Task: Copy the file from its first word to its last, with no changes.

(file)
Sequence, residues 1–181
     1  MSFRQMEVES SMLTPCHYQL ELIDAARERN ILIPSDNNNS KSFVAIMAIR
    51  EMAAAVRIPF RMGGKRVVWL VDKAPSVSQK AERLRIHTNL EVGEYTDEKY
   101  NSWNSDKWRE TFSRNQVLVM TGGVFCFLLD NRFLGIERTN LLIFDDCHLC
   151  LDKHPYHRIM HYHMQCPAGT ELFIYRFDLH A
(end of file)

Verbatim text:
Sequence, residues 1–181
     1  MSFRQMEVES SMLTPCHYQL ELIDAARERN ILIPSDNNNS KSFVAIMAIR
    51  EMAAAVRIPF RMGGKRVVWL VDKAPSVSQK AERLRIHTNL EVGEYTDEKY
   101  NSWNSDKWRE TFSRNQVLVM TGGVFCFLLD NRFLGIERTN LLIFDDCHLC
   151  LDKHPYHRIM HYHMQCPAGT ELFIYRFDLH A